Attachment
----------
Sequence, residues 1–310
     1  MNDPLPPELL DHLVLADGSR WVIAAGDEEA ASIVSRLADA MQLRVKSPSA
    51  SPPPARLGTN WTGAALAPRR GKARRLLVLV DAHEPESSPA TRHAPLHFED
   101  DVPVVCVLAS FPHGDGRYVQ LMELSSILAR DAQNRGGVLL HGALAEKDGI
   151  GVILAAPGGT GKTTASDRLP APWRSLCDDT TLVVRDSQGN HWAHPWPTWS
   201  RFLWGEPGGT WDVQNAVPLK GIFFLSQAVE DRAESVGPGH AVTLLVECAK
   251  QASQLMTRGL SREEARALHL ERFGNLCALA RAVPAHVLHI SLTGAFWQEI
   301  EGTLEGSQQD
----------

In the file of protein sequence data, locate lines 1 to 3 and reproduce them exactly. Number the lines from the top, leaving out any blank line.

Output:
Sequence, residues 1–310
     1  MNDPLPPELL DHLVLADGSR WVIAAGDEEA ASIVSRLADA MQLRVKSPSA
    51  SPPPARLGTN WTGAALAPRR GKARRLLVLV DAHEPESSPA TRHAPLHFED